For President Biden, there is some good news and bad news in today’s inflation numbers. The good news is that inflation is finally beginning to decline from its four-decade high, albeit very modestly. The bad news is that inflation still remains too high for the Federal Reserve to back off from its proposed course of aggressive monetary policy tightening to bring inflation back under control. This raises the real prospect that in the run-up to this November’s election we could have the economy experiencing the unfortunate combination of both inflation and recession. We could also still have the stock market on the back foot.
Today’s Labor Department numbers show that headline consumer inflation only moderated from 8.5 percent to 8.3 percent. This was the first such moderation in eight months but was less than the markets anticipated. More disappointing yet was the fact that excluding volatile food and energy prices, so-called core inflation remained as high as 6.2 percent, or around three times the Federal Reserve’s 2 percent inflation target.
Earlier this month at its policy meeting, the Fed adopted a decidedly more hawkish monetary policy stance to slay the inflation beast. It raised interest rates by 50 basis points rather than by the more normal 25 basis points and it indicated that it expected to raise interest rates again by 50 basis points at each of its next two policy meetings. At the same time, it announced that it planned to aggressively reduce the size of its balance sheet by $45 billion a month over the next three months and beginning in August by $95 billion a month. It proposed to do so by not rolling over its bond holdings at maturity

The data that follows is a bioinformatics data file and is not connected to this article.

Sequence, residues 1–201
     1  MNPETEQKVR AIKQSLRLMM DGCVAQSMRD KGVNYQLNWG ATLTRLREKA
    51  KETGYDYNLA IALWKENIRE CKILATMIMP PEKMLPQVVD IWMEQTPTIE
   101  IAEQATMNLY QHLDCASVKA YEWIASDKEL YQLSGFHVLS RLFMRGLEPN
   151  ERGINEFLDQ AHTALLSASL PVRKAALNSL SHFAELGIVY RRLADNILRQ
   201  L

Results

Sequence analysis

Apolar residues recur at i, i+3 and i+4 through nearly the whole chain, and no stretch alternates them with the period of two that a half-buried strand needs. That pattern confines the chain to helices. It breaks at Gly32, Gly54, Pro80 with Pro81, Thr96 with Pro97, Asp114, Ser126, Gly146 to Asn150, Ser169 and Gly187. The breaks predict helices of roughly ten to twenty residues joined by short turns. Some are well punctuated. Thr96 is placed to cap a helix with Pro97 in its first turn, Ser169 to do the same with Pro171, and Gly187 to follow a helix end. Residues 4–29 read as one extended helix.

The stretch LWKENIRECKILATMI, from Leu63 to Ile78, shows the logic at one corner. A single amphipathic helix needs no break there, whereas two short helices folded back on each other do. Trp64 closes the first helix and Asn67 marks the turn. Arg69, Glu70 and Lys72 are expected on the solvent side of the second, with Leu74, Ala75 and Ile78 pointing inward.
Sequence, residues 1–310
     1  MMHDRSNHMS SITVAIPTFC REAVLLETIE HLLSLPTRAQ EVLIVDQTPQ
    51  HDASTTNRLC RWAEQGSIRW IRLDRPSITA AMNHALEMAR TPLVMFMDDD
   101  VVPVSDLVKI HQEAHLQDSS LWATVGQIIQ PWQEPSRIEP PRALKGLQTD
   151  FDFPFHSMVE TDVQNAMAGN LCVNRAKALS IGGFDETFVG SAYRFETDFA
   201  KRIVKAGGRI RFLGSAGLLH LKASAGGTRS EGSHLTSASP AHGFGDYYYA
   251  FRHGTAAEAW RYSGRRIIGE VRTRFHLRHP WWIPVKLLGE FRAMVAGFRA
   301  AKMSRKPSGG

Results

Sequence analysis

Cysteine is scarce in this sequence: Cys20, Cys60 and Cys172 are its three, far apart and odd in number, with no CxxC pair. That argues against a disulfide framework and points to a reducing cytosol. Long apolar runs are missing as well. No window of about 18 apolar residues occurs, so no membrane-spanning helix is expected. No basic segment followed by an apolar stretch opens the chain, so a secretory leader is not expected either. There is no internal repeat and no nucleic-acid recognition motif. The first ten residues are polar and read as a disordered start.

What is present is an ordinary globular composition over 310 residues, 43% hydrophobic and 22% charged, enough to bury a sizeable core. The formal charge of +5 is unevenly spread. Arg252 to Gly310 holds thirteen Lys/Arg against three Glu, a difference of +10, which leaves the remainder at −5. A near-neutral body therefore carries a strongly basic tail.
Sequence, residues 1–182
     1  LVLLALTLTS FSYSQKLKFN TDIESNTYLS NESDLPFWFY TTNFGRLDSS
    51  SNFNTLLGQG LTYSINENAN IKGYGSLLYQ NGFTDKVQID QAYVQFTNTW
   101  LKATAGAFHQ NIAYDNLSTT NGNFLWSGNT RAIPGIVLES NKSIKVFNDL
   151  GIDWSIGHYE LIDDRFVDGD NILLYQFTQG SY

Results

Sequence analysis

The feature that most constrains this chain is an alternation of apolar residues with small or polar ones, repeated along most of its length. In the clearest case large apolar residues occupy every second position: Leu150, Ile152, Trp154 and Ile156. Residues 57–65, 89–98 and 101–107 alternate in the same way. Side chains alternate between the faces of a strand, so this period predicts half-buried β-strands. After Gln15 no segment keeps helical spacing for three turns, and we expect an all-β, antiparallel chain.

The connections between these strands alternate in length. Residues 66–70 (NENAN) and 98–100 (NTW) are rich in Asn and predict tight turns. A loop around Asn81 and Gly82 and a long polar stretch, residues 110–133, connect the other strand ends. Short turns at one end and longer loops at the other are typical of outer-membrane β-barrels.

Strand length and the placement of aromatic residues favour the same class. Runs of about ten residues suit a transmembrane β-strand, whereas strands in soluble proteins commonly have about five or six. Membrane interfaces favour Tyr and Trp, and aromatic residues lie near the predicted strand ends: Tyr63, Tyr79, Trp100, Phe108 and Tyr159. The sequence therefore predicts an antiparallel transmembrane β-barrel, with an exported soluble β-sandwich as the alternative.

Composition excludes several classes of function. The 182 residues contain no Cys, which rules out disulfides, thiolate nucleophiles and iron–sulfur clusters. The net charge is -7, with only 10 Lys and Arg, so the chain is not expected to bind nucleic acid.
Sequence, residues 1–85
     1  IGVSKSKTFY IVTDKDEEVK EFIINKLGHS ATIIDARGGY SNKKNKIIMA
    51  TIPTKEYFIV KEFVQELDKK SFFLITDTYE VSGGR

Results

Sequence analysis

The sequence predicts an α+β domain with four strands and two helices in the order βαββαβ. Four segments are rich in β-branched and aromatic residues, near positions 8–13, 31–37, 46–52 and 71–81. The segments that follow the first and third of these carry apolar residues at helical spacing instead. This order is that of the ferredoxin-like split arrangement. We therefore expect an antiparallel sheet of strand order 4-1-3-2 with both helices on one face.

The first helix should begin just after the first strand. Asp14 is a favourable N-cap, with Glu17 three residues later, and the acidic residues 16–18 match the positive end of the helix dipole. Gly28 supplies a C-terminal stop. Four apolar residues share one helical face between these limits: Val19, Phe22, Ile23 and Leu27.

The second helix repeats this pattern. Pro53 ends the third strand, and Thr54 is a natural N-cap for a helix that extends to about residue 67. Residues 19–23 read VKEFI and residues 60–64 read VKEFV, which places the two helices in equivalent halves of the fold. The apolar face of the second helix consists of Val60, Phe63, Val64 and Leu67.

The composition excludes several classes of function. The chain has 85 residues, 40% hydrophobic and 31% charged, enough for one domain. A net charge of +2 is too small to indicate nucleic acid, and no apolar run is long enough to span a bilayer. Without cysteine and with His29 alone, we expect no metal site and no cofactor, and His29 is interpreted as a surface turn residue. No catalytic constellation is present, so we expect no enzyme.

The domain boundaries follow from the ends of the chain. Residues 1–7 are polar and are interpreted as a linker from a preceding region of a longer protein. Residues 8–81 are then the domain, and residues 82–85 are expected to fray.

The shift in the Fed’s policy stance has caused the sharpest rise in long-term interest rates since 1994. The all-important 10-year Treasury bond rate has approximately doubled since the start of the year to around 3 percent. Meanwhile the 30-year mortgage rate has jumped from around 3 percent at the start of the year to 5 ½ percent at present.
The Fed’s plan to keep raising interest rates and draining large amounts of liquidity from the markets has sent the stock market into a tailspin. Since the start of the year, the S&P 500 has now lost around 16 percent in value while the NASDAQ has lost more than 25 percent. These large declines mean that since the start of the year as much as 33 percent of GDP in wealth has evaporated.
Even prior to the Fed’s anti-inflation measures, the economy was expected to slow significantly as consumers had to contend with high food and energy prices and as the government’s fiscal stimulus would begin to fade. Now with the Fed causing mortgage rates to spike and the stock market to swoon, there is every prospect that the economy will again succumb to recession by the end of the year.
As a result of higher mortgage rates, households can now afford to buy a home that has only around 75 percent of the value of a home that they could afford to buy at the start of the year. Meanwhile, according to the Fed’s economic model, if the loss of wealth as a result of the stock market’s decline is sustained, consumers could cut back spending by around 1 ¼ percent of GDP.
Today’s inflation numbers, which show that core inflation is still running at some three times the Fed’s 2 percent inflation target, do not give the Fed cover to back off from its aggressive policy stance. This would seem to be especially the case at a time that Russia’s war could result in further food and energy price increases at the same time that China’s zero-tolerance Covid policy could result in further damage to the global supply chain.
In the run up to the November elections, President Biden could with some justification blame Fed Chairman Jerome Powell for having got us into this stagflation mess by having been too slow to raise interest rates last year. However, this is unlikely to cut much ice with voters. After all, earlier this year Mr. Powell was renominated for a second term by Mr. Biden and Mr. Powell is not running in the mid-term elections.
Desmond Lachman is a senior fellow at the American Enterprise Institute. He was formerly a deputy director in the International Monetary Fund’s Policy Development and Review Department and the chief emerging market economic strategist at Salomon Smith Barney.